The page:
6. #66
    Join Date
    Oct 2003
    Posts
    211
    Post Thanks / Like

    Default

    Thank you Tdol.
    You wrote:
    For the past\last week is an unfinished time period that began 7 days ago and continues up to the present. It is not the same as 'last week', which is finished.
    My reply: I hope people here can understand this: I agree to you that it is an unfinished time. I know very well.
    But please answer a straight question: Is it a past time adverbial or not? If it has an adjective 'past', how can we say it is a present or future time adverbial? I myself cannot do it, so do all other grammar writers. And therefore all grammar writers will not talk about examples like I have posted at first:
    Ex1: I have seen him in the past few days.
    It is because we all know Present Perfect cannot stay with past time adverbials:
    Ex2: *I have seen him yesterday.

    If you can help explain "in the past few years" is a present or future adverbial, then you will have helped me, and many grammar writers, and most of all, many students. If not, we can only keep cheating our students reluctantly and helplessly. :eggface:

    Do you know what the situation now is? Because "in the past few years" looks clearly like a past time adverbial, many students in Asia are using Simple Past to say it:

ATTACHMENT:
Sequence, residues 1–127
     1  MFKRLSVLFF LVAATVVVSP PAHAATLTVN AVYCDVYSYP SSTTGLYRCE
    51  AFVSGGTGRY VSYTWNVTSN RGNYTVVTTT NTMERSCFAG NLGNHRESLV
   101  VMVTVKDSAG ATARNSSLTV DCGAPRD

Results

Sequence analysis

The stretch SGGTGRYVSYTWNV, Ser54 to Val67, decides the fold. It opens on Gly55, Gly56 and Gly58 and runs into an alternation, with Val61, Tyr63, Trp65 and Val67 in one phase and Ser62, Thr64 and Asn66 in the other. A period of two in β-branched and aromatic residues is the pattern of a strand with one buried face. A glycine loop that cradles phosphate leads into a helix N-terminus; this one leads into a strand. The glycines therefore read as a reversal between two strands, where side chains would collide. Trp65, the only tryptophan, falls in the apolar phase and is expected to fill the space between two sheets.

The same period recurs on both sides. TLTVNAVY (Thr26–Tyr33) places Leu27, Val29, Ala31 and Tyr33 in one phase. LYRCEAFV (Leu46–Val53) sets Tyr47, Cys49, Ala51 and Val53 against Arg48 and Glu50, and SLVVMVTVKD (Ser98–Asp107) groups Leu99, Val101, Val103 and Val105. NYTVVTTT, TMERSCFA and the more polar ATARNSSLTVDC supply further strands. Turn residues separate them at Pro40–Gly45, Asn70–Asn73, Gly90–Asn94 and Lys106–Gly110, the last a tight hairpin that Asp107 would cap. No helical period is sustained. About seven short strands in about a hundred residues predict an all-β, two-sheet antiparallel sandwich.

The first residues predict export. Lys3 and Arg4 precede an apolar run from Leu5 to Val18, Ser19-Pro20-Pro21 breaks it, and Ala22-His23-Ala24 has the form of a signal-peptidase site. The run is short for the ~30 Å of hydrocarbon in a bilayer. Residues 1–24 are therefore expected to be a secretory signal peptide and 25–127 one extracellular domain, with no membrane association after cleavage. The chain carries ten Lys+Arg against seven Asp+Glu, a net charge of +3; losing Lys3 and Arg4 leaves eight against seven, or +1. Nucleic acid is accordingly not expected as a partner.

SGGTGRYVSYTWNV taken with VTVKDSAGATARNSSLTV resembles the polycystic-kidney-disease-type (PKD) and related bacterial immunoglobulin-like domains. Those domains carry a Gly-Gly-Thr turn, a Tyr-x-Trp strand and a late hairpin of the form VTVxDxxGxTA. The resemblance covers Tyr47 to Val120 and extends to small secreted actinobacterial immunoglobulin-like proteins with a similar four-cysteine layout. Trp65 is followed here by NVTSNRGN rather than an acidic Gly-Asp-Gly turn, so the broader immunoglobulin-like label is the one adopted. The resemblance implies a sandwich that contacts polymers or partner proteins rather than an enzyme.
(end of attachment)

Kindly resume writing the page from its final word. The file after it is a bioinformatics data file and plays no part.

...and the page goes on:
Ex3: ?I saw him in the past few days.
    == We don't even have a grammar book to explain to them. Even worse, many Asia teachers themselves mostly use Ex3. They are bad. But whose fault it is? :?

    Is it very hard to understand what I am saying and begging? :agrue:

  7. #67
    Join Date
    Sep 2003
    Posts
    12,971
    Post Thanks / Like

    Default Re: The Hidden Evidence: The Past Family

    Shun:
    I guess you missed my point. But it is because my bad expression. What I wanted to say is, "for the past week" is a past time expression, why shall it stay with Present Perfect?
    Well, there's more to a sentence than its parts. We need to look at how the parts function together and as a whole.

    Your example sentences are fabulous! Truly. They appear to buck the general rule. But, and here's a hurdle we need to overcome, just because a given sentence doesn't appear to satisfy the rule, doesn't necessarily mean the rule is faulty. That is, it may be a case of 'hidden evidence' that we, the reader, not the rule writer, have overlooked. For example, guess what's hidden in:

    :D I have seen him in the past week.

    We know the sentence above doesn't fit the rule we're given; that rule being something like, 'past time expressions', specifically adverials, are incompatible with Present Perfect verbs. In other words, don't use adverbs expressing Past time to modify have -ed/-en verbs.

    :( I have seen him yesterday.


    But, we hear native speakers using adverbs like "in the past" to modify have -ed/-en verbs,

    :D I have seen him in the past week.

    so we wonder, "What's with that? Who's the authority here? The rule writers or the native speakers? Who do I trust? How can I learn English if people keep changing the rules? It's frustrating!